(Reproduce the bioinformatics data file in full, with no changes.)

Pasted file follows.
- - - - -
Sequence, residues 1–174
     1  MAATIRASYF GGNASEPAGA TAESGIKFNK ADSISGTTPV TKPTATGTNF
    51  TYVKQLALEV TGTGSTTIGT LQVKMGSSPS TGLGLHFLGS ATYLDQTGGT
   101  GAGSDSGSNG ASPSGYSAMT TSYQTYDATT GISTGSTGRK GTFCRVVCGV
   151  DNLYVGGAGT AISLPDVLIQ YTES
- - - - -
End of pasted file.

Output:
Sequence, residues 1–174
     1  MAATIRASYF GGNASEPAGA TAESGIKFNK ADSISGTTPV TKPTATGTNF
    51  TYVKQLALEV TGTGSTTIGT LQVKMGSSPS TGLGLHFLGS ATYLDQTGGT
   101  GAGSDSGSNG ASPSGYSAMT TSYQTYDATT GISTGSTGRK GTFCRVVCGV
   151  DNLYVGGAGT AISLPDVLIQ YTES